My family was poor growing up and I was also very poor when I was young and a young mother many years ago. 'Food deserts' were not a factor in our lives. Money was the biggest factor. My parents either didn't have time or energy to make breakfast because they worked long hours for low pay, so I grew up on cheap off-brand sugary cereals. As a kid, I thought it was great. I didn't know how unhealthy that was. Pasta, potatoes, white bread and ground beef were staples and the only vegetables we usually got were canned corn and green beans. Maybe fresh carrots. Sometimes we'd get canned fruit (in syrup, of course). Canned food doesn't go bad quickly and so doesn't get wasted; you can't afford waste when you are poor.
When I became a mother, fresh foods were available, I simply couldn't afford them. Every dollar mattered when I went to the grocery store; fruit and vegetables were luxuries to me.
Time was also an issue. I worked a lot and was too tired to learn to make anything other than simple meals, if I even had time to make meals (and there was a short time period when I often had to rely on the McDonalds dollar menu because it was all I could afford or had time for between working two jobs and having a kid as a single mother). I did what I could to keep things healthy, but the cheap staples tend to be simple carbohydrates. I wouldn't get sugary cereals, but the effort to make even a simple, good breakfast can be overwhelming when you are working two jobs and barely have time to think.
School lunches were also an uphill battle; they weren't healthy and, when I could, I made lunches. It was hard to compete with the stuff the schools served up, even though I tried to teach my kid about healthy eating. Plus, at my poorest moments, I couldn't help but take advantage of the free lunch programs.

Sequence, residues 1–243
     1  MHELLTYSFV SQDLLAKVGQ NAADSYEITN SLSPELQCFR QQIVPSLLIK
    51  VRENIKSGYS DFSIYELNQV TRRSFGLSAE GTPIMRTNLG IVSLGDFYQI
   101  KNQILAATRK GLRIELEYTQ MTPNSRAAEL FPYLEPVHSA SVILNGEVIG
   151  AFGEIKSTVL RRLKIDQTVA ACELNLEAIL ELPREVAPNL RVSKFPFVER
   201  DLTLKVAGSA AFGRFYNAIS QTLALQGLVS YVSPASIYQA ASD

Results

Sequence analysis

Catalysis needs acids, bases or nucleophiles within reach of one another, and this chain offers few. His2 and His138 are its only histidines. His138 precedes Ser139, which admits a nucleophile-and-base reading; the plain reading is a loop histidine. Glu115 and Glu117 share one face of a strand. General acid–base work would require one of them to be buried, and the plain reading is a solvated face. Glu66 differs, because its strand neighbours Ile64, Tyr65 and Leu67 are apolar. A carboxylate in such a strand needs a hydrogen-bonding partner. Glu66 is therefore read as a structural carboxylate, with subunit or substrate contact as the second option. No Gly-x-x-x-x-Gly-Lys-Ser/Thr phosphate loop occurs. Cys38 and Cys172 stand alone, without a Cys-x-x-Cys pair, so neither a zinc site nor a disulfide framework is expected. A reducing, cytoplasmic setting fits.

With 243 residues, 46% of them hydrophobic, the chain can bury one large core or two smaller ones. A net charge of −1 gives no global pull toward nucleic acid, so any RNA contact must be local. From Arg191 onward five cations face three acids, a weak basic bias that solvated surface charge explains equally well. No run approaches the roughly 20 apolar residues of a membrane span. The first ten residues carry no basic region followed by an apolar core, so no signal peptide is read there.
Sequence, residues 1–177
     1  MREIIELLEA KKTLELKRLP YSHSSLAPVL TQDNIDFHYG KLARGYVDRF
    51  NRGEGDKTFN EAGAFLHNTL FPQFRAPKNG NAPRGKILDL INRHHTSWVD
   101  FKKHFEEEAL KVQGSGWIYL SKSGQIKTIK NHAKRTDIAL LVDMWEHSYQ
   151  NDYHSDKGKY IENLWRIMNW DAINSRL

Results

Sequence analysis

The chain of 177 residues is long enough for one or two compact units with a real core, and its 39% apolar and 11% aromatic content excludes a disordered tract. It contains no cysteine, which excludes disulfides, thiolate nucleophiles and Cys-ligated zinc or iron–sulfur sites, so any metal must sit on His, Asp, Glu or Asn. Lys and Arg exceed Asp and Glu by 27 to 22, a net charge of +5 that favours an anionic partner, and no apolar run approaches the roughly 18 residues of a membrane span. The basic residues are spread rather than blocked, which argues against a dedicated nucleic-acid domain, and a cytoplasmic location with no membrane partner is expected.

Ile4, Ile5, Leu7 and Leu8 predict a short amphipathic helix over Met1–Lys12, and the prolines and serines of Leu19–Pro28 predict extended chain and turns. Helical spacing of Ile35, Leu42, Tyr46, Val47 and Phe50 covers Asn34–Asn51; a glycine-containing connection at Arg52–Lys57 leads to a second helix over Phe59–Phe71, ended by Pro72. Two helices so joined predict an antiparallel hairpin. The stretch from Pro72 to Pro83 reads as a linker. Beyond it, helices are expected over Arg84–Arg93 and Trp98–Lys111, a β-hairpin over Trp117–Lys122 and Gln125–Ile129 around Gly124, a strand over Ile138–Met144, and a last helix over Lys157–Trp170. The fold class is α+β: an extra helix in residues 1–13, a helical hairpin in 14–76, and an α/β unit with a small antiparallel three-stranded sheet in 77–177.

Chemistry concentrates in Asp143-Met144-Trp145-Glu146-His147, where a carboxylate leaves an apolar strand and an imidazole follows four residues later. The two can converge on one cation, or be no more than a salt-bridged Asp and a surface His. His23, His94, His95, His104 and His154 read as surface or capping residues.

I can definitely agree that stress would be a factor in terms of health when one is poor. I was constantly worried about keeping up with rent, food, how am I going to pay for daycare so I can go to work to pay for daycare, etc. Plus, going to the doctor was out except in the case of dire emergencies. No dentist ever. I went to the dentist once as a kid and not again until I finally got health insurance in my late 20's.
As for tackling obesity, well, unhealthy, fattening foods are easy, cheap, widely available and taste great.
It's not a matter of making fresh foods more available, but rather making them more affordable and more desirable. A real move to healthy school lunches. An educational campaign on portion control and caloric intake. Making fried and other unhealthy foods less desirable. Not allowing sugar cereals to be constantly advertised as 'part of a balanced breakfast' (another uphill battle I had as a parent). Healthier easy breakfast options widely known and available. Decreasing soda intake. These are a few places to start, I think.